Got Milk? The Effect of Export Price Shocks on Exchange Rates
Terms of trade increases should, in theory, cause nominal exchange rate appreciations through the consumer price index (CPI) and price stickiness. However, the actual effect has remained difficult to identify and quantify empirically. This effect is of interest especially to economies that rely on the export of a single commodity; however, many of those economies may struggle to identify the casual link between exchange rates and commodity prices if they focus on potentially confounding internal factors. For example, because these countries often export a significant portion of a commodity’s world supply, domestic supply may affect the price of the commodity, and domestic CPI may affect exchange rates. This paper focuses on the dairy auctions of New Zealand, specifically the auctions of whole milk powder. The auctions provide an opportunity to find and measure shocks to external demand for the commodity, which are exogenous to the domestic economy. Similar to other settings with a primary commodity export, the auctions involve a single product that accounts for a large portion of the export price index. Therefore, when dairy prices rise in New Zealand dollar terms, the increase should have a detectable effect on the export price index and the exchange rate.
- A 1 percent increase in the auction price of whole milk powder has a modest but significant effect on New Zealand’s nominal exchange rates that does not seem to be explained by interest rate movements.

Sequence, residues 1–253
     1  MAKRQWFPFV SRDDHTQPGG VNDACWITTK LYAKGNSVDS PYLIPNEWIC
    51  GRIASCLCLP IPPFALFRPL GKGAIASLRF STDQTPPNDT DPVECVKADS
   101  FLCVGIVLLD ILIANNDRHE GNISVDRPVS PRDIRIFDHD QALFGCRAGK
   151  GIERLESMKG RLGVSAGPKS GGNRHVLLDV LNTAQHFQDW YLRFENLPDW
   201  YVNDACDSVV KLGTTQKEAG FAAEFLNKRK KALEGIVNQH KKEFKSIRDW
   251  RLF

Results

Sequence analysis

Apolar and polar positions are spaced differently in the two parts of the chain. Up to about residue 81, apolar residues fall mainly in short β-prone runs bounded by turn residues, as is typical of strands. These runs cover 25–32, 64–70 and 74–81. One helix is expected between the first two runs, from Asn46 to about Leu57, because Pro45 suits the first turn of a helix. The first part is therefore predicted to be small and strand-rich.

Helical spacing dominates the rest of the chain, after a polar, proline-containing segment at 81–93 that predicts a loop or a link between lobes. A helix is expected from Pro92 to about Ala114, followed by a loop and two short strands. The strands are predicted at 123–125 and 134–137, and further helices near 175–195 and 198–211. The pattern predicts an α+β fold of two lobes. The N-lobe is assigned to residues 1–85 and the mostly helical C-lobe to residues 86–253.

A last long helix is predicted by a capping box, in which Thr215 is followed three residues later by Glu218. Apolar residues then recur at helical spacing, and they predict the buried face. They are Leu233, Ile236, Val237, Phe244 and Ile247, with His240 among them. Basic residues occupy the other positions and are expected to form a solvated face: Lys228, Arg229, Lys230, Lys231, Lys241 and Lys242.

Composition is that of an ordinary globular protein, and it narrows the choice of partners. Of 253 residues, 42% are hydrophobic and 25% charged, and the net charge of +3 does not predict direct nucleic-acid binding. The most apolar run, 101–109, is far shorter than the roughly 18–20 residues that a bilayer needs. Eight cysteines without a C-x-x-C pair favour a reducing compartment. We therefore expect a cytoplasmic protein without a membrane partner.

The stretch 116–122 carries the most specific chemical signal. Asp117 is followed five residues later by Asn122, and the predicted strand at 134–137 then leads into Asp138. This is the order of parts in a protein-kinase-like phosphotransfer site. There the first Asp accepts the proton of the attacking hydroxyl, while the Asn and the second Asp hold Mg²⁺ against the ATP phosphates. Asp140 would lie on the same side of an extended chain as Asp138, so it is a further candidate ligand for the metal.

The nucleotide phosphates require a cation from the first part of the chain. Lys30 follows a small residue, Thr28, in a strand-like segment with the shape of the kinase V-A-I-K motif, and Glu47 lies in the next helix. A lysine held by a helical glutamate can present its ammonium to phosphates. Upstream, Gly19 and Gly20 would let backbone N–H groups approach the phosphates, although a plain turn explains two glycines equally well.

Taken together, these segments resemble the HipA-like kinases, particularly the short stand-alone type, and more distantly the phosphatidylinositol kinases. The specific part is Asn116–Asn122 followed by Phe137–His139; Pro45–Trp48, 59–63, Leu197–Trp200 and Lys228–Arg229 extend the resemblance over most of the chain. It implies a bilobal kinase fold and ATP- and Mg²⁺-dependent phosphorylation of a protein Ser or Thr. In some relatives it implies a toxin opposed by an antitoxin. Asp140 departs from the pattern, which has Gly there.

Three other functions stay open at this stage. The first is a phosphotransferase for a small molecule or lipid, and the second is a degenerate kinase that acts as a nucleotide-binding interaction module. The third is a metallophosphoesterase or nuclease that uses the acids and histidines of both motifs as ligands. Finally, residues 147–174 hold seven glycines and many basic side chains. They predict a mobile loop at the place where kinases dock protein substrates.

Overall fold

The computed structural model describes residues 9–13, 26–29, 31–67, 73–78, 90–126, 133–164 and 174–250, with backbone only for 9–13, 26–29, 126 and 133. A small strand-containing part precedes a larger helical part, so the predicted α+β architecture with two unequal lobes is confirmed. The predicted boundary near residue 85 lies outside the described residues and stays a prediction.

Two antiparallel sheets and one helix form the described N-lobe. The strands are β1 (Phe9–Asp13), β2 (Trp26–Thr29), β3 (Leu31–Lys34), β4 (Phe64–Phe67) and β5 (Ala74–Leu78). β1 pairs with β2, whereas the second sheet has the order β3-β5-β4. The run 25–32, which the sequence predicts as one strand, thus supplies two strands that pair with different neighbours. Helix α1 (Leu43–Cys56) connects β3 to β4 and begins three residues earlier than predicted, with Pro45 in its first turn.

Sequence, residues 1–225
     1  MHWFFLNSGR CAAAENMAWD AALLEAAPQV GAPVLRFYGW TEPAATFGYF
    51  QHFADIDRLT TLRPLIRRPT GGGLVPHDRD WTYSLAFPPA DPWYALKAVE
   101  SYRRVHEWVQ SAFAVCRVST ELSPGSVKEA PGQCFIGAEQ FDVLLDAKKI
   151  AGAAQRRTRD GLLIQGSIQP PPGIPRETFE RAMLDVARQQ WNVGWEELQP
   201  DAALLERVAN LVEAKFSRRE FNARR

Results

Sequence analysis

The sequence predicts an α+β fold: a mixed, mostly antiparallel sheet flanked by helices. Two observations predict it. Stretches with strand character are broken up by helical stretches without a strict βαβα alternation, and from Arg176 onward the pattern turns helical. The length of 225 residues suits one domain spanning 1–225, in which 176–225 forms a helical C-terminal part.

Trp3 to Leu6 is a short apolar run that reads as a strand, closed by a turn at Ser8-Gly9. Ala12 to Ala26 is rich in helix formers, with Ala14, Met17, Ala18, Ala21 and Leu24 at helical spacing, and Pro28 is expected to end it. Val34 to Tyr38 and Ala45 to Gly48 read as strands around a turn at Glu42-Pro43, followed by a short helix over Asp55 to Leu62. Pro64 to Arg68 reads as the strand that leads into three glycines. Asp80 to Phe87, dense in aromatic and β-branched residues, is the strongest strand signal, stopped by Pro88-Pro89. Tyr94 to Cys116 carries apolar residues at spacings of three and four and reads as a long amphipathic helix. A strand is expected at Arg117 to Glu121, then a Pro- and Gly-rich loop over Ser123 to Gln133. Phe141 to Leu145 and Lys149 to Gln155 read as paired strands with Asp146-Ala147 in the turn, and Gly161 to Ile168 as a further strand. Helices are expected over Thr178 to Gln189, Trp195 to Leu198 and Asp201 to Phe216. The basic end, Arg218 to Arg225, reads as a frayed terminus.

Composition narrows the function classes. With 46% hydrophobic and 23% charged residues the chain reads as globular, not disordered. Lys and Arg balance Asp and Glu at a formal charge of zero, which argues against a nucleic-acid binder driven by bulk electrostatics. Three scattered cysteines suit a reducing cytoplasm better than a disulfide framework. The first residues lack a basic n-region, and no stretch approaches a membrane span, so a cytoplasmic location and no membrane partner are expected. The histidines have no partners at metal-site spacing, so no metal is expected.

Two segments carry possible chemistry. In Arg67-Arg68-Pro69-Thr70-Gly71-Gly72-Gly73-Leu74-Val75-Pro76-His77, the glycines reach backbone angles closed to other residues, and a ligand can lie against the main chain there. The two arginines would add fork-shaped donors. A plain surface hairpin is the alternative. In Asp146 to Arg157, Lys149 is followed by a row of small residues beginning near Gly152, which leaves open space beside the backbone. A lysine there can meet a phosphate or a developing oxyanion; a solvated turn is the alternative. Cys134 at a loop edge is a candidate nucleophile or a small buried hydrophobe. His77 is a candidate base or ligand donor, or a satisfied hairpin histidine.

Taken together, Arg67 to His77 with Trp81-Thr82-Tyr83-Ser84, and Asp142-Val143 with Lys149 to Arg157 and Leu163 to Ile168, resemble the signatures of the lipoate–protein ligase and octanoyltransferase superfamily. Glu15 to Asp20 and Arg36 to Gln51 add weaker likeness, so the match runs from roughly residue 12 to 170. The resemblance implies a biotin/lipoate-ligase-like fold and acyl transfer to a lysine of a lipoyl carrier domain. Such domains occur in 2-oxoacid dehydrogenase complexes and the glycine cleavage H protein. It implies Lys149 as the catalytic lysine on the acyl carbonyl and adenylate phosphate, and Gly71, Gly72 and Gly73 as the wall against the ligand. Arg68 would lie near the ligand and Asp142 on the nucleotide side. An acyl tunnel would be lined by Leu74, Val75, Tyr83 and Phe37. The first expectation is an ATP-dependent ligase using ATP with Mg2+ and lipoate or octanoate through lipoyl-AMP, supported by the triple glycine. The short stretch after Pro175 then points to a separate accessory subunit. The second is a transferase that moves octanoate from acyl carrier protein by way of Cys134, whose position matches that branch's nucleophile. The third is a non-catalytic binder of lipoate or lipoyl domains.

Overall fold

- The effect seems to be driven by a combination of a financial flows channel and a fundamental channel. Under the financial flows channel, exchange rates move with export prices because an increased export flow increases the global demand for the New Zealand dollar. Under the fundamental channel, an increase in the price of whole milk powder from an external demand shock causes an increase in prices across production sectors in the domestic economy. In response to these higher prices, real exchange rates appreciate, and under sticky prices, nominal exchange rates appreciate as well.
This paper’s finding that export price increases do indeed cause exchange rate appreciations (and vice versa) is particularly applicable to countries whose exports comprise only a small number of commodities. The finding is especially relevant to policymakers in those countries, because they should understand the extent to which commodity prices will affect their exchange rates.
I examine the effect of exogenous terms of trade shocks on an exchange rate by turning to New Zealand’s dairy auctions. Dairy is New Zealand’s largest export category, making up almost 20 percent of exports. Specifically, whole milk powder accounts for 6 to 11 percent of total exports, and its price is determined in twice-monthly auctions. I use event studies to quantify the impact of surprise auction results on the New Zealand dollar on a high-frequency basis. I find that a 1 percent increase in whole milk powder prices has a modest, but nevertheless significant, effect on the nominal exchange rate that does not seem to be explained by interest rate movements. Rather, the effect seems to be driven by a combination of two channels: a financial flows channel and a fundamental channel. The methodology developed here can potentially be applied to other commodity exporters.